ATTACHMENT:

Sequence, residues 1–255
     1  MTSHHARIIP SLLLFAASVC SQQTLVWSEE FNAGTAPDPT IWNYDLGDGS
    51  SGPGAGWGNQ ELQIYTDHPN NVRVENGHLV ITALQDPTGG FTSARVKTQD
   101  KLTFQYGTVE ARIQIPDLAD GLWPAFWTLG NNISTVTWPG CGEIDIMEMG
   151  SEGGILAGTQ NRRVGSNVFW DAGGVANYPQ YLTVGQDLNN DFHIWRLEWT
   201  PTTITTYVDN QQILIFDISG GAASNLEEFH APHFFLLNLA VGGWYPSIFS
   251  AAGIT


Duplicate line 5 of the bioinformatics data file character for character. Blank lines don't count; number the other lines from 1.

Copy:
   151  SEGGILAGTQ NRRVGSNVFW DAGGVANYPQ YLTVGQDLNN DFHIWRLEWT